Other forms of discrimination can be more subtle and may involve unfair evaluation of Dalit students, denial or delays in stipends and scholarships, or restricting access to hostels. The hard-to-prove nature of such discrimination allows authorities to shrug off responsibility using excuses that include due process, technicality, administrative prerogative or merit.
In the absence of adequate redressal mechanisms in universities, tracking, reporting and proving indirect or nearly invisible forms of caste oppression before the law is all the more difficult.
While the Atrocities Act makes provision for identifying and punishing direct forms of discrimination, it remains indifferent to the more subtle, unconventional and common forms of caste bias and unctouchability.
In a 2016 Economic & Political Weekly essay titled ‘Removing Discrimination in Universties’, a professor from the Tata Institute of Social Sciences, Mumbai, Sthabir Khora wrote: “Direct discrimination can be isolated and prohibited with relative ease. However, when discrimination is mixed with various discourses like rights, autonomy and excellence then it is difficult to separate and prohibit.”
Khora contended that the Atrocities Act falls short of addressing “indirect” but very real forms of discrimination. He argued that the law only criminalises “commission” of certain acts by authorities and ignores their “omissions” and “passivity”.
Process As Punishment
Another significant issue is with regards to inadequate implementation of the law.
Police insist on production of caste certificates for registration of first information reports (FIRs), even though the law does not require it. In most cases, FIRs are not registered upon complaint as mandated by the Act.
The Supreme Court in October 2021 criticised law enforcement while noting that many perpetrators of caste-based atrocities got away due to shoddy investigation. “The reality is that many acquittals are a result of improper investigation and prosecution of crime, leading to insufficient evidence”, the court said.
Even when the police do register FIRs, the process of investigation is rife with bureaucratic delays.
Rule 7(2) of the Scheduled Castes and Scheduled Tribes (Prevention of Atrocities) Rules, 1995, provides that an investigation be completed within 30 days from the time an incident is reported. Any delay in submission of an investigation report must be explained in writing.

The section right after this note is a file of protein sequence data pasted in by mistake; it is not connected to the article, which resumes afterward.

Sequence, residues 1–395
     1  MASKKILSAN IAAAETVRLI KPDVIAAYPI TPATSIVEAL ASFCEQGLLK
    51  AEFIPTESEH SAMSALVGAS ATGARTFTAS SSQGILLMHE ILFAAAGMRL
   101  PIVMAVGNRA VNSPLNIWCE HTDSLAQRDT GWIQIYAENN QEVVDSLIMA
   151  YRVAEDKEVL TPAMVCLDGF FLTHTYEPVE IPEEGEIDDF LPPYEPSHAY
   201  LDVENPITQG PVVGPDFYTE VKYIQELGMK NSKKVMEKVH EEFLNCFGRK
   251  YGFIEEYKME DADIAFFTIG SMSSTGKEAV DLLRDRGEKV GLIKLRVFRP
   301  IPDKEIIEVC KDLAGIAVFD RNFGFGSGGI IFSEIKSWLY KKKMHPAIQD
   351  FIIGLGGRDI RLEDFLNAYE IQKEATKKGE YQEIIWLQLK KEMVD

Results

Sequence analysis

These requirements are rarely followed.
The courts too fail to meet the mandate of time-bound trials when it comes to cases under the Atrocities Act. As per section 14(2) of the Act, cases before the trial court ought to be conducted on a day-to-day basis and completed within two months of the filing of the charge sheet.
A 2018 report found that trials under the Atrocities Act last for an average of five years. In cases where trials are completed, a majority end in acquittals.
Poor conviction rates are attributed to the fact that the law continues to impose a strict burden of proof on the prosecution, requiring the complainant to prove one’s case “beyond reasonable doubt”.
States have also failed to ensure that an adequate number of special courts to hear cases of atrocities against scheduled castes and tribes, as mandated by the Atrocities Act.
As of 2018, of the 700-odd districts in India, no more than 194 districts across 14 states had set up such exclusive special courts. The others had simply designated existing overworked sessions courts as special courts.
Mohanan’s case, though now hailed as a success story, is a telling example of how the spirit of the Atrocities Act is diluted. Her story is significant because she won despite the many failures of the law and its implementation.
Despite having repeatedly complained to the police and a court, the protections granted under the Atrocities Act did not come to Mohanan’s rescue.
It was, finally, a hunger strike that won her her rights.
(Mani Chander is a lawyer based in New Delhi.)